All About Tax Diversification: How to Pay Less in Taxes in Retirement

The concept of tax diversification might not be the first topic that springs to mind when planning for retirement, but it can have a profound impact on your ability to live out your golden years as you want. While Uncle Sam will (almost) always get a portion of your hard-earned and wisely-invested money, understanding how and when different types of accounts are taxed can help you keep more money for yourself, whether that means going on more vacations, passing more on to the next generation, or opting for the Macallan 30 Year instead of the 18.

In this episode of Capital Conversations, CERTIFIED FINANCIAL PLANNER™ professional Colin Day and portfolio manager Ryan Potts discuss how to best optimize your tax diversification, why you need to do it, the "One Bad Year Rule," and the importance of maintaining flexibility in your retirement funds.

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Below is the transcript for our most recent podcast, "All About Tax Diversification: How to Pay Less Taxes in Retirement."

Colin Day: Hi, everyone. Welcome back to another Capital Conversation. My name is Colin Day. With me today, Ryan Potts. Mr. Potts, how are you today?

Ryan Potts: Always doing great. It's a pleasure to be back on again.

Colin Day: You know, it's interesting because every day that we do one of these, I look outside, and it's different kinds of weather, and it's the first thing that I always want to remark on. It's cold and dreary for a lovely April afternoon here in Clayton, Missouri.

We just came from Nashville, which was just cold and dreary – or at least I did. You were stuck here, hanging out in St. Louis. But when I look outside and I think of the kinds of things that could be more dreary than the weather outside, it's taxes.

Ryan Potts: Ah. That's it, right? That's the conversation?

Colin Day: No. No, no, no, that's exactly what we're doing. Didn't you read the memo?

Ryan Potts: I did.

Colin Day: Yeah. Today we are going to talk to you all about tax diversification and why it matters. This is tax season; as we are recording this we are just a week out from filing taxes. Ryan, I will ask the question. Did you file your taxes yet?

Ryan Potts: I did.

Colin Day: Good for you.

Ryan Potts: I was an early bird. February.

Colin Day: Some people say you should file early because they get worried about – from a security perspective – someone trying to file underneath your social security number or something like that. I, on the other hand, preach the opposite, which is I'm going to wait for the last minute, because – I mean, well, that's what I do.

But in any case, tax diversification is going to be the topic du jour today. I think a lot of people – because this is a sensitive time to talk about tax, it's important that we keep it in the conversation. And it really is an evergreen topic, because unfortunately, at least in my life, taxes have been something that have been relatively unavoidable.

I don't think you've avoided taxes either.

Ryan Potts: Not that I know of.

Colin Day: Yeah, legally speaking.

Ryan Potts: Legally, yes.

I think taxes is a really interesting conversation. Luckily for you and I, we're not CPAs, so we don't have to talk a ton about taxes.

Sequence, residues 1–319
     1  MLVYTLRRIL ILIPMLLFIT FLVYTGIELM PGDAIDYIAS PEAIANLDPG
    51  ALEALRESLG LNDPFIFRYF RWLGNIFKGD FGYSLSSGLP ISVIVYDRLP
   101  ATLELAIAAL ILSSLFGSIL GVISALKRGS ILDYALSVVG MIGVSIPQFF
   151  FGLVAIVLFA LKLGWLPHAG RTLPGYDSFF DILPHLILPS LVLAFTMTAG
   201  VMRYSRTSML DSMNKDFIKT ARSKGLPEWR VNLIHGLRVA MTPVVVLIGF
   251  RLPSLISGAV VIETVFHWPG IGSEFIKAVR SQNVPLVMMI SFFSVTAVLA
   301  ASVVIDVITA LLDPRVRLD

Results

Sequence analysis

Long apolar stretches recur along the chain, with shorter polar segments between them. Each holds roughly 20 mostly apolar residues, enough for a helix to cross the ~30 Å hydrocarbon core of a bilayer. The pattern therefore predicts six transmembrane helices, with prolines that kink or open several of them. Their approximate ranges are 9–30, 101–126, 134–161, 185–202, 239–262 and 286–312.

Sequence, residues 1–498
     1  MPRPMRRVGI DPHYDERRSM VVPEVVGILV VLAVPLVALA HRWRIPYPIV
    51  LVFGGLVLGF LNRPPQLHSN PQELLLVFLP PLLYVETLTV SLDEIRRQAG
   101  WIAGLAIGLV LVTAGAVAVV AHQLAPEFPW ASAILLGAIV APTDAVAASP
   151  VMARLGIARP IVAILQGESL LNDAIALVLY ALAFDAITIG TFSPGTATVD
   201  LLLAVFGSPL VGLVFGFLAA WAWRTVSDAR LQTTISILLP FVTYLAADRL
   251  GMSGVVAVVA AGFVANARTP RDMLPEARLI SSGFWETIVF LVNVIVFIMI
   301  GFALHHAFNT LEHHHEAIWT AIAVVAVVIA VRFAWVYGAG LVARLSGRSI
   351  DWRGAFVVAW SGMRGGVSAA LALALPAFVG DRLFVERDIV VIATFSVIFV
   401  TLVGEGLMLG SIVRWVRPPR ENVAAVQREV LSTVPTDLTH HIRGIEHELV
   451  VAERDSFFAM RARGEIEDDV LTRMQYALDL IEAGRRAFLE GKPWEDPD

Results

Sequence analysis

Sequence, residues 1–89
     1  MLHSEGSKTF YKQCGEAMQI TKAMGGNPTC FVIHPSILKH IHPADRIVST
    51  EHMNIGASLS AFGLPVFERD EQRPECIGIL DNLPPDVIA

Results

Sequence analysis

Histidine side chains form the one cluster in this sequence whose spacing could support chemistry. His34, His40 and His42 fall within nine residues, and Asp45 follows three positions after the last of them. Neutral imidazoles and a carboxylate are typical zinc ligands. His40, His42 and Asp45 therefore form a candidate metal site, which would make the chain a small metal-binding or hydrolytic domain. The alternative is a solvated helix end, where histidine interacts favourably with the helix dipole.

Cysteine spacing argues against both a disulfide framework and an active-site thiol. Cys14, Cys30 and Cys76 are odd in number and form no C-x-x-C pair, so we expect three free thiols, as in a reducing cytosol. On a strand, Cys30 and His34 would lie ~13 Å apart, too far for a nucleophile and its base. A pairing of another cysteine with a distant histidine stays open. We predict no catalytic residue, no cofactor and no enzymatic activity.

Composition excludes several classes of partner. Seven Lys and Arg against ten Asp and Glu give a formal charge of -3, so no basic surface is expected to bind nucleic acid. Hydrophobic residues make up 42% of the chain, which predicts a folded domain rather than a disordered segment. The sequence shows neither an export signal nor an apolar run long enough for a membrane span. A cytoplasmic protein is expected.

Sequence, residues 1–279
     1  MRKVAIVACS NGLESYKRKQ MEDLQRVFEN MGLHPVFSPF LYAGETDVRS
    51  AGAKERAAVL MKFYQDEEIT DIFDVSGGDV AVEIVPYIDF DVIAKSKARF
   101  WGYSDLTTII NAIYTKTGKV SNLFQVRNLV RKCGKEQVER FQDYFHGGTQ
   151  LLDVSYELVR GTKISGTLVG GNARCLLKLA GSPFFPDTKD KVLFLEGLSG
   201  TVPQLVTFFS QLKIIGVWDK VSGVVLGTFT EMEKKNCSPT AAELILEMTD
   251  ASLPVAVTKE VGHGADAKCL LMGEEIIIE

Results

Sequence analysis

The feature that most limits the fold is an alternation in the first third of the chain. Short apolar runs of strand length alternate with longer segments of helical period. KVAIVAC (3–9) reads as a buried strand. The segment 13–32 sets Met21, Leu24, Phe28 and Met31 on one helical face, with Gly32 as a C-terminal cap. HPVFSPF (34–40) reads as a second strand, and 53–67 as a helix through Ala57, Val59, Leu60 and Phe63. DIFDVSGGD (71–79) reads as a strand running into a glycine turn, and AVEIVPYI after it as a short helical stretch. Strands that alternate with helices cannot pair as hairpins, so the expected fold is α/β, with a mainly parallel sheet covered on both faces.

Colin Day: That's true.

Ryan Potts: Today's conversation specifically is tax diversification. I guess my question I'll just kind of tee you off with is, what is tax diversification and what is it for clients? How is it part of a financial plan?

Colin Day: Tax planning is one of the major areas, or at least a component of areas, that financial advisors should be concentrating on for their clients. We go through the CERTIFIED FINANCIAL PLANNER™ program and learn about tax. You'll do a lot about tax. I thought tax was interesting enough that I continue to learn about tax, and that's how I got my enrolled agent designation.

Tax diversification from a client perspective is really the idea that – just like we preach diversification on the money that is in your account and how it's being invested – it's also, from a withdrawal perspective and contribution perspective, how those dollars might affect your taxes throughout the year.

For example, we can keep it as simple as saying: in your 401k plan at work, you might have a pre-tax deferral option or a Roth deferral option. So that pre tax deferral option as it's implied by the name, you're putting in money and you're not paying taxes on it yet. You're going to pay taxes on it eventually when you withdraw that money. And that's going to influence your current taxes because you're likely getting a tax deduction. I'm not including that money on my taxes now. I'm going to pay taxes on that later.

Whereas a Roth contribution, we're kind of doing the opposite, right? So we're paying those taxes now. And we're doing that with intention to pay that now so we don't have to pay the taxes later. So just like in this very simple example – which hopefully I haven’t lost people by verbally explaining this – the pre-tax contribution is a way of saying, “I think I'll pay less tax in the future, so I'm deferring my tax to a later date. Don't want to pay them now, it might be my highest earning years, I'll pay the taxes later when I withdraw the funds in retirement.” Whereas with Roth, you might be thinking, “I'm going to owe more in tax.” There is certainly a segment of the population in the United States that believes taxes are only going to go up.

And if that's the case, then you want to pay your taxes up front. That's where Roth is going to come into play. Pay the tax now, avoid paying the tax later.

So from a diversification standpoint, What we're doing here is we're just splitting up the different kinds of money that we'll have available to us to eventually do distribute to ourselves over time.